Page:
Second Man: You're right. Perhaps if Hitler had also waited a little before climbing on to the Nazi bandwagon he'd have become Führer quicker too.

          Schwarze Korps, November 1935
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For my mother
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Stranger things happen in the dark dreams of the Great Persuader...
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(Click to show. Warning: May contain spoilers.)
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Fiction. Mystery. Thriller. Historical Fiction. HTML:Hailed by Salman Rushdie as a "brilliantly innovative thriller-writer," Philip Kerr is the creator of taut, gripping, noir-tinged mysteries set in Nazi-era Berlin that are nothing short of spellbinding. The first book of the Berlin Noir trilogy, MARCH VIOLETS introduces listeners to Bernie Gunther, an ex-policeman who thought he'd seen everything on the streets of 1930s Berlin??until he turned freelance and each case he tackled sucked him further into the grisly excesses of Nazi subculture. Hard-hitting, fast-paced, and richly detailed, MARCH VIOLETS is noir listening at its best and blackest.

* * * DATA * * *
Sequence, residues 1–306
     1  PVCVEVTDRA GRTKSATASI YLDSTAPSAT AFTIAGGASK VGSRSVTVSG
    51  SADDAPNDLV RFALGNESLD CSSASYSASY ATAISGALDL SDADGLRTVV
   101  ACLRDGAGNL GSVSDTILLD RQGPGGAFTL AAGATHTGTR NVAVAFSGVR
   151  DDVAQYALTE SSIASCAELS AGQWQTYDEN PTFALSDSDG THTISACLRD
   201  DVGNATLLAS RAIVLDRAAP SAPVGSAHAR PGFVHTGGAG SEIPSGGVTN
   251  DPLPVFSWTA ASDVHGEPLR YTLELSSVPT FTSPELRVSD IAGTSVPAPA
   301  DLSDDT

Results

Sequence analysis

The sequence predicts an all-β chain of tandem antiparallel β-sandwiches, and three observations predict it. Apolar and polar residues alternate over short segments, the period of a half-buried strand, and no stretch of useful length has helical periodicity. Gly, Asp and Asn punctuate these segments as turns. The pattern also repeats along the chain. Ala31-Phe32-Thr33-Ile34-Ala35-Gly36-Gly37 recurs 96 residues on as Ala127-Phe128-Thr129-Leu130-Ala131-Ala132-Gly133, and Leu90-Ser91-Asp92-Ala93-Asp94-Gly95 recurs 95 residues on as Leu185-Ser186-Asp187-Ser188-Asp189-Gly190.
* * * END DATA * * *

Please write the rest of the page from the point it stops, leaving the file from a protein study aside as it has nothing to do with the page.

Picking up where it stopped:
"Echoes of Raymond Chandler but better on his vivid and well-researched detail than the master"??Evening Standard

From the Compact Disc edition